How overseas money transfer companies benefit from Big Data analytics

Published April 28, 2018   |   

The days of depending on banks and a limited number of high street forex brokers to carry out cross-border fund transfers are long gone. Now that this field is home to several FinTech players, sending money from one country to another is no longer as time consuming, complicated, or expensive as it was until a couple of decades ago. However, can using big data give FinTech alternatives a further edge?

It is possible that money transfer companies might not see the benefits of using big data to compile information of different kinds at this stage, given that aggregation of big data comes at a cost. This may be particularly true of companies that already have their fare share of repeat customers. However, a clear benefit of looking at big data in the right way is that companies can use the information they get to build better personal relationships with their customers.

Analyzing big data continually can also help overseas money transfer companies spot glitches and out-of-normal occurrences. Consider this example. U.S.-based Xoom relies on some of the top players in the big data world to analyze all the data related to its transactions. In 2011, the system detected an anomaly that might have missed the human eye. A criminal group was carrying out an exceptionally high number of New jersey-based Discover Card transactions to defraud the company, and they may well have passed off as being legitimate without big data analysis.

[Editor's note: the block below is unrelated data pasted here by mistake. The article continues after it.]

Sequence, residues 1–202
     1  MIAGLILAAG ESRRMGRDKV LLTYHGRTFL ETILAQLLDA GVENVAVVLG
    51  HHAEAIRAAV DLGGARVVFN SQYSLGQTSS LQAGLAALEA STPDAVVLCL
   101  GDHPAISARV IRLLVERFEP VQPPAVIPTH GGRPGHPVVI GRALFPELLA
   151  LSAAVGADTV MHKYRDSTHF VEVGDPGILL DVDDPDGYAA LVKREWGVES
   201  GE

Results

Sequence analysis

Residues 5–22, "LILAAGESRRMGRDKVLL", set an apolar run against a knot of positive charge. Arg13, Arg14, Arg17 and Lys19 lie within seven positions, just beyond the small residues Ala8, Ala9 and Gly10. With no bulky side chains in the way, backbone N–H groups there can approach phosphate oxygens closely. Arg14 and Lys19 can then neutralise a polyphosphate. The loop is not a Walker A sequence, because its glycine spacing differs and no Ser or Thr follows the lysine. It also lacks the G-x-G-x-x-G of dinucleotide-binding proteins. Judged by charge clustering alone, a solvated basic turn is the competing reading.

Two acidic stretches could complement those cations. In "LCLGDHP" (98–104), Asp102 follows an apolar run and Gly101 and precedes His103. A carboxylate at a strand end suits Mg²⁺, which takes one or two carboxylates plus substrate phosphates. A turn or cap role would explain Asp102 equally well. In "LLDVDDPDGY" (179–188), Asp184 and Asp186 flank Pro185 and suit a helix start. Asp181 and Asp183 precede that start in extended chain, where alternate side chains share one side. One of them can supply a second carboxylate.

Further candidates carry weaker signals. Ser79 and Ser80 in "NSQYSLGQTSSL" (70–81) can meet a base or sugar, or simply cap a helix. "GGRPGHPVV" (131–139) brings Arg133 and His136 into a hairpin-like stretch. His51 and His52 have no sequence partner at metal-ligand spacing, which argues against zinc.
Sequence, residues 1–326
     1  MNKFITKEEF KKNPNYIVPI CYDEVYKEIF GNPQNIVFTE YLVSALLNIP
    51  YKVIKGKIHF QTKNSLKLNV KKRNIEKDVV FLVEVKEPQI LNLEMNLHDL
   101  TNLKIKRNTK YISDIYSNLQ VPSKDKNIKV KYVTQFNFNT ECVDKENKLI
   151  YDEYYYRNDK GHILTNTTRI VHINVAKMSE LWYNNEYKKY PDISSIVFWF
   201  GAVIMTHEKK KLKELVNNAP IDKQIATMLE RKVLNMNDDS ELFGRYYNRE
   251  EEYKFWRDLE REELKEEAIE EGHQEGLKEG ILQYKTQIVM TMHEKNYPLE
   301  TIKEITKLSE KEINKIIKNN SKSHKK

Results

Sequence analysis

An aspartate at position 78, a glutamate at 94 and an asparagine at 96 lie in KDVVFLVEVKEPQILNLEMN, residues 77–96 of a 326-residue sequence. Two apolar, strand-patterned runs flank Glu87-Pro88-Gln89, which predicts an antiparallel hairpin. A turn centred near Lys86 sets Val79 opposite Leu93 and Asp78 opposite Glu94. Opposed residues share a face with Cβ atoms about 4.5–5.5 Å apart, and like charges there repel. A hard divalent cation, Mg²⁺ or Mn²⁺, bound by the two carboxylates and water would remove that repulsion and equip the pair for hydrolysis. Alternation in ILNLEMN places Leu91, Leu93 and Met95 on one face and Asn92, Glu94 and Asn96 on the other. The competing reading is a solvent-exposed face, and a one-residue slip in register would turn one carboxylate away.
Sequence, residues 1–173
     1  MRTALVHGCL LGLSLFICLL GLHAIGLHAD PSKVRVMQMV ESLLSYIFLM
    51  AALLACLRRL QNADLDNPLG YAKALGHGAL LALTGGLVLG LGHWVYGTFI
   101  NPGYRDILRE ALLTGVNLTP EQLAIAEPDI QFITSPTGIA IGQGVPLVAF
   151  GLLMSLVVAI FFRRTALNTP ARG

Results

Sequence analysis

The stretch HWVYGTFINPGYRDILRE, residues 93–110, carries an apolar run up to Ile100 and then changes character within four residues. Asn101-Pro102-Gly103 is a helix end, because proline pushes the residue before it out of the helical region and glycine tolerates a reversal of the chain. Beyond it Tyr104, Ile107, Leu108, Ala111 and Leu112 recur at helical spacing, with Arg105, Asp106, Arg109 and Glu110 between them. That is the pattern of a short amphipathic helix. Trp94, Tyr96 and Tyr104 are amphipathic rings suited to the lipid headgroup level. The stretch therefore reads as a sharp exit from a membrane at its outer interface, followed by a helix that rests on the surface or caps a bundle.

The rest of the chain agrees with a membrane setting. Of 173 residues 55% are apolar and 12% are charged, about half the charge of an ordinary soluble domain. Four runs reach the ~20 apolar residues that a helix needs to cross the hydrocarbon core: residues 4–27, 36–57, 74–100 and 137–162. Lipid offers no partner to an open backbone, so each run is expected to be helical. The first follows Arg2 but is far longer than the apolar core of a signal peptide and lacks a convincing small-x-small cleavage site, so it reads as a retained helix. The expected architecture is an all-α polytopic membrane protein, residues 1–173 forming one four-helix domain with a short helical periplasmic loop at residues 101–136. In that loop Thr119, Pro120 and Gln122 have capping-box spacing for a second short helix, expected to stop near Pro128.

The benefits are far reaching

Carrying out an international money transfer requires the exchange of information in different forms. Companies typically have access to the sender’s and recipient’s complete names, the countries and the currencies involved, the payment and transfer methods, as well as the transfer amount. Service providers, in all likelihood, also know the reasons behind most transfers.

Overseas money transfer companies can rely on the analysis of big data to formulate strategies by identifying underlying patterns. Businesses, for example, stand to benefit by learning why their customers favor one service over another, their frequency of transfers, how much money they send, and whether they transfer money to one or more recipients.

By aggregating big data, money transfer companies can also get insight into aspects such as timestamps, locations, and devices. They can, for instance, use the information to determine if customers prefer using their websites or apps.

M-Pesa is a mobile phone-based small-value money transfer company that is headquartered in Kenya. While originally only a money transfer company, it has now branched in into salary payments, purchase of goods and services, as well as micro-financing. Around 85% of Kenya’s households now use the services of this company in some form. By analyzing the big data it has access to, M-Pesa can get valuable insight into aspects such as disposable incomes and remittances.

Discerning the useful from the not

Big data brings with it information that is voluminous, to say the least. As a result, being able to sift through what’s important and what’s not is important. Ideally, money transfer companies should focus on specific points and aim to build personal connections with their customers. FinTech companies such as Azimo, TransferWise, OFX, and WorldRemit will benefit if they can manage to use their big data to identity and act on prevailing trends. For customers, having the ability to voice their needs will make them feel empowered.


The monetary benefits of analyzing big data might not be plainly visible to money transfer companies at the onset, but the potential the process holds gives businesses the ability to build long standing relationships with existing customers. Where there’s ongoing patronage, money follows.